Issue Date: October 5, 2015 | Web Date: September 30, 2015
Dormant Virus Can Wake Up In Some Patients With Lou Gehrig’s Disease
Our chromosomes hold a partial record of prehistoric viral infections: About 8% of our genomes come from DNA that viruses incorporated into the cells of our ancestors. Over many millennia, these viral genes have accumulated mutations rendering them mostly dormant.
But one of these viruses can reawaken in some patients with amyotrophic lateral sclerosis (ALS), a progressive muscle wasting disease commonly known as Lou Gehrig’s disease. A new study demonstrates that this so-called endogenous retrovirus can damage neurons, possibly contributing to the neurodegeneration seen in the disease.
The findings raise the possibility that antiretroviral drugs, similar to those used to treat HIV, could slow the progression of ALS in some patients.
Avindra Nath, the study’s lead author and the clinical director at the National Institute of Neurological Disorders & Stroke, typically studies HIV and its effects on the brain. But an HIV patient he treated in 2006 led him to start investigating ALS.
In addition to being HIV positive, this patient also had an ALS-like disorder. When Nath put him on a typical cocktail of antiretroviral drugs to treat the HIV infection, something odd happened—his ALS symptoms got better. “I thought this was really bizarre,” Nath says. “If you have ALS, the mortality rate is almost 100%, there is no way ALS gets better.”
When Nath started to read through the medical literature on ALS, he found a handful of similar cases. He also noticed studies reporting that enzymes called reverse transcriptases were active in some ALS patients. These enzymes are a marker for infection by retroviruses, such as HIV, because they allow the viruses to incorporate their genetic code into our cell’s DNA. ALS researchers had been looking for a possible retrovirus responsible for this reverse transcriptase activity, but had yet to find one.
Nath wondered if the culprit wasn’t an invading virus, but one lying dormant in the patients’ own genomes. In 2011, he and his colleagues reported that brain samples from deceased ALS patients had elevated levels of RNAs corresponding to the RNA polymerase of a dormant virus called human endogenous retrovirus-K (HERV-K).
Now the researchers show that RNA from the virus’s other two genes are also elevated in brain samples from ALS patients compared to healthy people and Alzheimer’s disease patients (Sci. Transl. Med. 2015, DOI: 10.1126/scitranslmed.aac8201).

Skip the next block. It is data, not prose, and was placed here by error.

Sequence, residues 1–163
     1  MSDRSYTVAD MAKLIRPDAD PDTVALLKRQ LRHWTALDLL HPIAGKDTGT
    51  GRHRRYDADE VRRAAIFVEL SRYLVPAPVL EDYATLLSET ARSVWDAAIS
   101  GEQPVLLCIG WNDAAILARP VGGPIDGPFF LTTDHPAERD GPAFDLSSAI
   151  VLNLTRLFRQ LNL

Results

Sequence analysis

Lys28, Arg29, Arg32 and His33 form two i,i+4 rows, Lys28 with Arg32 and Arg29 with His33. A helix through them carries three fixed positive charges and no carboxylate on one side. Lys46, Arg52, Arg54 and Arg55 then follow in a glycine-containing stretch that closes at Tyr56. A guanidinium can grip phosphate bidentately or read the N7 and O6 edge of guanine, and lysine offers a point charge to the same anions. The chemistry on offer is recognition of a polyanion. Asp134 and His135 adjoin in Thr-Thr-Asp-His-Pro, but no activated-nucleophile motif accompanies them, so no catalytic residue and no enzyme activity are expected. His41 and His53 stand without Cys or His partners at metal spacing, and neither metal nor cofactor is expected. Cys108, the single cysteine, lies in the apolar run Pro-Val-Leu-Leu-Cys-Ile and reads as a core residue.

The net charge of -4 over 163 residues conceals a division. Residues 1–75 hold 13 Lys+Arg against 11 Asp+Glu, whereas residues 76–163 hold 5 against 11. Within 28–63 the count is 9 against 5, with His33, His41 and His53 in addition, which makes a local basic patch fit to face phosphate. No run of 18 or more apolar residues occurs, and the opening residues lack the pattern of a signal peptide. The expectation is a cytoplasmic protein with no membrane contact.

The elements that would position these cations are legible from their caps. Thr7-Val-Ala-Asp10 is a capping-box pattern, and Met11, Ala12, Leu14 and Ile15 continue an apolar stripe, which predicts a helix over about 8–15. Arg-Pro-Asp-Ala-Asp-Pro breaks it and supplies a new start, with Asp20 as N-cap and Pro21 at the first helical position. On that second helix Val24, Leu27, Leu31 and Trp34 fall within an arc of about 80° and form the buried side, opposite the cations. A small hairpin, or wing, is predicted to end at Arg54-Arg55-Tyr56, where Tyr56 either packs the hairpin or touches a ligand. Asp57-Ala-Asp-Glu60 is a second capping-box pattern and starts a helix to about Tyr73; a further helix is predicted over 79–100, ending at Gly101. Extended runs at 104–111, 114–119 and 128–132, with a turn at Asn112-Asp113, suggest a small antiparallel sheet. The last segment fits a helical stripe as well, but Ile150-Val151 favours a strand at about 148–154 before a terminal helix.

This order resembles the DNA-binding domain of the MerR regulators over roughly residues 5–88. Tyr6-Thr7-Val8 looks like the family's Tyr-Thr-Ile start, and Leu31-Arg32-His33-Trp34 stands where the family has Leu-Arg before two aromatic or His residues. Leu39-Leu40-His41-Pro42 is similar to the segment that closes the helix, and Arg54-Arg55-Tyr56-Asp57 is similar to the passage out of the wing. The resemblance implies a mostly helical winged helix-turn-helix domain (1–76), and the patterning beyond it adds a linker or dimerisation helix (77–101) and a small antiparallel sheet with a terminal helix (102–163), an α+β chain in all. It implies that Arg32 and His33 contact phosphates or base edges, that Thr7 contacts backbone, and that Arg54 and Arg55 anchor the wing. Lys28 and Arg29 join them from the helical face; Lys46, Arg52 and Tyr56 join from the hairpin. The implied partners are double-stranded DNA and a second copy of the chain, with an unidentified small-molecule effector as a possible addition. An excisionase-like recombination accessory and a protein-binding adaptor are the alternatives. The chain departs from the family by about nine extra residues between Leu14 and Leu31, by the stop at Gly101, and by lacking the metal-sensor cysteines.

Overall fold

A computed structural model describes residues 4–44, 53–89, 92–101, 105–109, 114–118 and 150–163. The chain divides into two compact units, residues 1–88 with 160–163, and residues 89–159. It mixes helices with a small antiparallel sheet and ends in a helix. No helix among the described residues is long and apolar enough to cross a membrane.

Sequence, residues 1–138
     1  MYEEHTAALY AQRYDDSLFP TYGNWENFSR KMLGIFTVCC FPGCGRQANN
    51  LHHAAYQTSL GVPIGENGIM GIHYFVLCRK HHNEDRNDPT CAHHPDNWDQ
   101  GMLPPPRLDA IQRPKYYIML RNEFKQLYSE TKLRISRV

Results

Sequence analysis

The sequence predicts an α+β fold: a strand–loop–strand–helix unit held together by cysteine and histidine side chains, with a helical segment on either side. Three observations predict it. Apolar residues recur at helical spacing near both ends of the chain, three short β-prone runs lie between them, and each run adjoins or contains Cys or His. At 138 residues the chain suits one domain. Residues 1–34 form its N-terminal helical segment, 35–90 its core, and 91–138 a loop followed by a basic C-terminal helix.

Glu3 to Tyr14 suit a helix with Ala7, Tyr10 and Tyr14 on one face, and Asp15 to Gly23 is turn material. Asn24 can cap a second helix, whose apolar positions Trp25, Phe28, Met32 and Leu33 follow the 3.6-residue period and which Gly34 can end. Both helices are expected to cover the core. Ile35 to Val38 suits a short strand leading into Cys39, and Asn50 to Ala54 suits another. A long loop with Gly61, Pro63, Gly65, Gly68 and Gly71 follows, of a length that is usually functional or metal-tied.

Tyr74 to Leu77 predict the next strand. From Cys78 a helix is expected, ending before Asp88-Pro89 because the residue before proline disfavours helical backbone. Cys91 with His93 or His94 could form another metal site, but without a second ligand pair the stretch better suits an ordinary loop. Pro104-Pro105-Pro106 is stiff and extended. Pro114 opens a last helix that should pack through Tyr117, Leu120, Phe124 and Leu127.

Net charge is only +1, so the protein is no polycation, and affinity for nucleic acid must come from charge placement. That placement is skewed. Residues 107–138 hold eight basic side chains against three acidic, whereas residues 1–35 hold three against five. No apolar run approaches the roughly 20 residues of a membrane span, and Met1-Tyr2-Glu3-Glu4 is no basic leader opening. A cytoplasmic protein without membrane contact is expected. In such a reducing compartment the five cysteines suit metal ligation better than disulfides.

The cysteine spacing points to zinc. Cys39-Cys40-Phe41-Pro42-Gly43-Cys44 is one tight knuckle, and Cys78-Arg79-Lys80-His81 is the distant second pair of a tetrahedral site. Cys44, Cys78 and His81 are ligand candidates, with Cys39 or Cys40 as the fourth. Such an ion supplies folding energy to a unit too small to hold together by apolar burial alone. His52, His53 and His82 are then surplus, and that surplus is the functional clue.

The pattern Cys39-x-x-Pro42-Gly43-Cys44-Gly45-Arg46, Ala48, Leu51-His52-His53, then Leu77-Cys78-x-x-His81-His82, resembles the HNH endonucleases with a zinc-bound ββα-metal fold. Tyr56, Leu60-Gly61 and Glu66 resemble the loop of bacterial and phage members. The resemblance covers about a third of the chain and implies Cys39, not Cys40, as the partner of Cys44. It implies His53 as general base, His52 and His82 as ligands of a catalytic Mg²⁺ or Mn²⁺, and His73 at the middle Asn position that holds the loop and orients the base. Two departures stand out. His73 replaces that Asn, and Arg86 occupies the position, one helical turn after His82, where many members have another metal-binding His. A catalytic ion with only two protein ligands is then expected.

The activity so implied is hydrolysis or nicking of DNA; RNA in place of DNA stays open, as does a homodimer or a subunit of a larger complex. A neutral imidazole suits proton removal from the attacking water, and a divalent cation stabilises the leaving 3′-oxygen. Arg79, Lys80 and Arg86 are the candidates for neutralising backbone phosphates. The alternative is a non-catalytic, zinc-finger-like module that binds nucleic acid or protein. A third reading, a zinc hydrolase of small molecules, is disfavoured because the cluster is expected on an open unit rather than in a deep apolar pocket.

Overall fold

In the new study, the team also tried to determine whether HERV-K could contribute to the pathology of the disease. They first used gene editing techniques to activate the dormant virus in cultures of human neurons. Waking up HERV-K caused the neurons to shrink and die.
In another experiment, the researchers genetically engineered mice to express one of HERV-K’s proteins only in neurons. The regions of these animal’s brains that control motor functions were smaller than those in normal mice, suggesting that the viral protein had destroyed neurons. These mice also displayed behaviors indicative of this neurodegeneration, including spastic movements and muscle weakness.
“A key question is whether the increased expression of HERV-K in the brains of ALS patients is a cause or a consequence of the disease,” says Jeremy A. Garson, a virologist who has studied the possible retrovirus-ALS connection at University College London. The new data “have gone some way to answering this by demonstrating not only that elevated HERV-K expression can cause neurotoxicity but also that the elevated expression is not just a nonspecific consequence of neuronal injury.”
The animal results, in particular, are exciting because the mice display some pathological signatures seen in ALS patients, says Stephen N. Scelsa, a neurologist who also has studied retroviruses and ALS at Mount Sinai Hospital, in New York. He thinks the researchers need to look at larger numbers of ALS patient samples to confirm and determine the prevalence of HERV-K activation in the disease.
“But if the virus is important in triggering the disease, then it would certainly be easier to target a viral infection of the nervous system than it is to target a neurodegenerative process that we still don’t fully understand,” he says.
Nath’s team is planning a short clinical study to investigate the effect of a cocktail of anti-HIV drugs on levels of HERV-K in ALS patients.
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